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The odd case of the welcome refugee in wartime Britain: uneasy numbers, disappearing acts and forgetfulness regarding Belgian refugees in the First World War

Tijdschriftbijdrage - Tijdschriftartikel

With about 265,000 Belgian refugees staying in Britain at one time during the First World War, reflections on this transnational and cross-cultural story of welcome and accommodation at times of conflict merits continued attention. This chapter aims to provide an insight into several warfare-related features that characterised the human experience relating to the Belgians in Britain.A brief literature study confirms the issue of this history having been overlooked for so long. Reception at the time and early perception of the Belgian refugees is studied by means of two publications – the Bryce Report and King Albert’s Book. These publications in part steered the very history into later silence and forgetfulness. The British host society faced the fatalities of warfare on a scale that history had not seen until then and within this context Belgians refugees were an equally unconventional presence. However, as Belgian men and women became employed in Britain – mainly in the war industry – and as Belgian children were incorporated into several education systems, this presence diminished to the extent Belgians effectively disappeared from view during the war already. Yet, the very nature of the Belgian refugee was a blurred one, as Belgian military sought refuge on British soil too, without seeking to join the forces again. Long-term convalescent Belgian soldiers in Britain often were managed by Belgian refugee committees as well. Upon return to their home nation, British Belgians found a fragmented country in tatters. They were among the prime workforce aiming to rebuild the nation and its infrastructure and yet in post-1918 Belgian history there simply was no place for the chapter of the Belgian refugees in Britain. In Britain as well, the sole representation became a detective with a moustache and mannerisms. All what was left of the history of Belgian refugees was flatlining forgetfulness.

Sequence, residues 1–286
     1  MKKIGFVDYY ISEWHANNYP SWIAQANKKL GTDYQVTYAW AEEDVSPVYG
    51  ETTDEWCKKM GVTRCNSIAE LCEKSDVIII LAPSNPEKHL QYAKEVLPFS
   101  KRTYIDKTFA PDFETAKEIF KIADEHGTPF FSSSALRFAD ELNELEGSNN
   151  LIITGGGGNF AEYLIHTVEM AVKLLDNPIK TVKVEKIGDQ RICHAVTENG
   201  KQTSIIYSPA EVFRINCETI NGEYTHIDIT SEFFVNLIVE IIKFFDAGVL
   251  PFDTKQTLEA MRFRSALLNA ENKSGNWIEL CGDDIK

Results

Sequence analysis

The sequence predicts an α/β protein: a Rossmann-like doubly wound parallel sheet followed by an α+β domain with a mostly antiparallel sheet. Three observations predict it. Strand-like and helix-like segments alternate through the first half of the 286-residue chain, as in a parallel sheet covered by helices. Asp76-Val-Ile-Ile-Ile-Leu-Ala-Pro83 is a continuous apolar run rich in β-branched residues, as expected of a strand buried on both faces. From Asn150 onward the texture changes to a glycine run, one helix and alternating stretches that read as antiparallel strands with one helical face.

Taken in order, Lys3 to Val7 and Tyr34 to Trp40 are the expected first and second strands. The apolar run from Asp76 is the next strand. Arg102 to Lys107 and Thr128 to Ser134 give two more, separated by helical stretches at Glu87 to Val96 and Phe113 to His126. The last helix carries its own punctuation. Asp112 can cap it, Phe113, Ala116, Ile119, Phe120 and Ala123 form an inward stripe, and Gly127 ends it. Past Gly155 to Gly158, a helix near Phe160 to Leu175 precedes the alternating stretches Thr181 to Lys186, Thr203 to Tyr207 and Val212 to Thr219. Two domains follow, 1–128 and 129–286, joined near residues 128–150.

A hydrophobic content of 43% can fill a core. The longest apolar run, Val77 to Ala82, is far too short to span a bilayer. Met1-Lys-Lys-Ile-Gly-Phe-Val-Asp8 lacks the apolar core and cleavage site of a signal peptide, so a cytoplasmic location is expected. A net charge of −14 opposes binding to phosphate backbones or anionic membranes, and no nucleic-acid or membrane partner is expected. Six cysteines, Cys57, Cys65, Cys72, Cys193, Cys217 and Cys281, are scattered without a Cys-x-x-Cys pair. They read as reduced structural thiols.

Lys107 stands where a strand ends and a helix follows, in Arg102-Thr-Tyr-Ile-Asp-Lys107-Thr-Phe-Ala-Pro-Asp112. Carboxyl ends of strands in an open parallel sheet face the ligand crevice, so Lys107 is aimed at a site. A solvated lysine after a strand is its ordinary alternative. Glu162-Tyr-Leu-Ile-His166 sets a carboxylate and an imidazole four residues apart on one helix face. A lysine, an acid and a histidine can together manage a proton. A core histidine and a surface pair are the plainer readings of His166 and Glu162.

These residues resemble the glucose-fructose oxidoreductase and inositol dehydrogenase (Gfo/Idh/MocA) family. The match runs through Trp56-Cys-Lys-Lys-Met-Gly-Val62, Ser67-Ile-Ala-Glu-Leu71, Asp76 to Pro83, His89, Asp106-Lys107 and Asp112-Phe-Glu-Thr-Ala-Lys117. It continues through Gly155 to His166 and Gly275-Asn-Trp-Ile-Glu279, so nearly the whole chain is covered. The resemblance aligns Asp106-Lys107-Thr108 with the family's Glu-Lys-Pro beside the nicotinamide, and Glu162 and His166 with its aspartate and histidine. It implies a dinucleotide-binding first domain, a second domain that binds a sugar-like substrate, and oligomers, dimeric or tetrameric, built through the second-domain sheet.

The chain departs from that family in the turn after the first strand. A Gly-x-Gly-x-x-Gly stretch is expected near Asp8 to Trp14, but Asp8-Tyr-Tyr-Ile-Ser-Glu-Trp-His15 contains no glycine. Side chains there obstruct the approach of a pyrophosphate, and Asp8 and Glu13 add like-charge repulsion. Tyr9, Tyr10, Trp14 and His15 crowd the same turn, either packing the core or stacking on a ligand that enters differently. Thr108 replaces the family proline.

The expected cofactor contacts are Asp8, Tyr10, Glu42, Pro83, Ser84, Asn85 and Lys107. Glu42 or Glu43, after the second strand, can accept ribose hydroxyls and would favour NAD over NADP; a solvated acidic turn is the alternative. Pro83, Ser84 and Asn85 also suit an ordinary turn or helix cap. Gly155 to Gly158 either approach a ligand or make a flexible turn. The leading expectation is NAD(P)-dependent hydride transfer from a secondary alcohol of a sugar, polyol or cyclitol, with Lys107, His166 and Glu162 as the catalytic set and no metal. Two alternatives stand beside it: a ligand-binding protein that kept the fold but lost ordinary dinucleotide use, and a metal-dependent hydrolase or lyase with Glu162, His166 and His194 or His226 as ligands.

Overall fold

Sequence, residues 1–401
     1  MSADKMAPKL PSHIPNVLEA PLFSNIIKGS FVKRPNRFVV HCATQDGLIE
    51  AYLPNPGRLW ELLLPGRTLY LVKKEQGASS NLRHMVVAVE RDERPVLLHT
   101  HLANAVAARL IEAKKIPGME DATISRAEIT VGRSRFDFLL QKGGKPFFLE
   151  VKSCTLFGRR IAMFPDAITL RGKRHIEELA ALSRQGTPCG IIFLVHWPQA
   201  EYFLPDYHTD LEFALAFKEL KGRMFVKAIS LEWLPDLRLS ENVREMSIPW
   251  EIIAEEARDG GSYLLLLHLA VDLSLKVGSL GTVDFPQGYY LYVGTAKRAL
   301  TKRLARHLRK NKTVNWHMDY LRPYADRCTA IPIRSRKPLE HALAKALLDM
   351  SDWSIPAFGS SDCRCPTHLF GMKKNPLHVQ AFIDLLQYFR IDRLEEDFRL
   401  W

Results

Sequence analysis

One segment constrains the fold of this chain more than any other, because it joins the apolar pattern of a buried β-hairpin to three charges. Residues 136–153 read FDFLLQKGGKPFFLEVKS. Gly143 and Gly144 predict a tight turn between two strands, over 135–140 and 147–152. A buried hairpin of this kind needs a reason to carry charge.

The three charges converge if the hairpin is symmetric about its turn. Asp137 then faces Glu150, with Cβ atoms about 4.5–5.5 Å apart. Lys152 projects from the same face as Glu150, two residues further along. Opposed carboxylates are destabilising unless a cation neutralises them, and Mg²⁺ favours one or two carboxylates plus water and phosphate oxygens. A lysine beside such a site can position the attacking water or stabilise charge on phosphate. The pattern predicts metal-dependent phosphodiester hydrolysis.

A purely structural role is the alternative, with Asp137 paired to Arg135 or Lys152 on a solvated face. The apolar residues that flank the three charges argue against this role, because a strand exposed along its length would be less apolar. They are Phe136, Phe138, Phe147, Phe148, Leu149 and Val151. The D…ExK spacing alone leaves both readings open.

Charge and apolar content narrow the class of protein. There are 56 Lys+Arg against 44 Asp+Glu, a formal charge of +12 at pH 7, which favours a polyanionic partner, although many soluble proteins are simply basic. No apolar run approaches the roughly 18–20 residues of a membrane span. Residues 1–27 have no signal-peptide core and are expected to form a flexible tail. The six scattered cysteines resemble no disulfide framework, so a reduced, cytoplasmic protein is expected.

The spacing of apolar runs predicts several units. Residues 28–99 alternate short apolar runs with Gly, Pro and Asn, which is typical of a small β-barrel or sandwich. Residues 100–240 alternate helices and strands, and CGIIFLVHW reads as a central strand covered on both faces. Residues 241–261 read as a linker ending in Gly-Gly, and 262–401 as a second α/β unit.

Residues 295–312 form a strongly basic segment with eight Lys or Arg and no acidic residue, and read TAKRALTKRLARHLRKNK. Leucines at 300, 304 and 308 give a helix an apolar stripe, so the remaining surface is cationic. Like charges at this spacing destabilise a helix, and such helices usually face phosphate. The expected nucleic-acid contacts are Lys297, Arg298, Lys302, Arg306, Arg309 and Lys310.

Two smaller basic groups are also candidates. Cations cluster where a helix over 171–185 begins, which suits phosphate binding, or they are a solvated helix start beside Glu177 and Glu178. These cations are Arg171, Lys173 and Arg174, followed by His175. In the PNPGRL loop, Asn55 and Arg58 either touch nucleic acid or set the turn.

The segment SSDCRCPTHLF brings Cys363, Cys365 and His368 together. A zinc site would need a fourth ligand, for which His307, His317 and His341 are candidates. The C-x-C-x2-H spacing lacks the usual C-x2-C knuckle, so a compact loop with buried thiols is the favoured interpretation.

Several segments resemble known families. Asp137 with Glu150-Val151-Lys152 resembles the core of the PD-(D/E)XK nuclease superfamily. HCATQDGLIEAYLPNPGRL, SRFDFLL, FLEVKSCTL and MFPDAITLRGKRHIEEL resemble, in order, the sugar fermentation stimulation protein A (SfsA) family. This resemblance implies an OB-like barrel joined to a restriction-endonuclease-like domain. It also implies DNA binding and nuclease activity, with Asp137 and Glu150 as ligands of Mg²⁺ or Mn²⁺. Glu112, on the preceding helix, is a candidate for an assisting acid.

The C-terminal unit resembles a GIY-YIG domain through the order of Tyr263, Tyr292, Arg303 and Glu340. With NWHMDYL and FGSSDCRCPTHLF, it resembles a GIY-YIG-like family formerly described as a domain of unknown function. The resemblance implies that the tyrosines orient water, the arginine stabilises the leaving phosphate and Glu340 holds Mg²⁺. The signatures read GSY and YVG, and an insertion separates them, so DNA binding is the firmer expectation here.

Tijdschrift: Close Encounters in War
Issue: 2
Volume: 1
Pagina's: 5 - 26
Jaar van publicatie:2020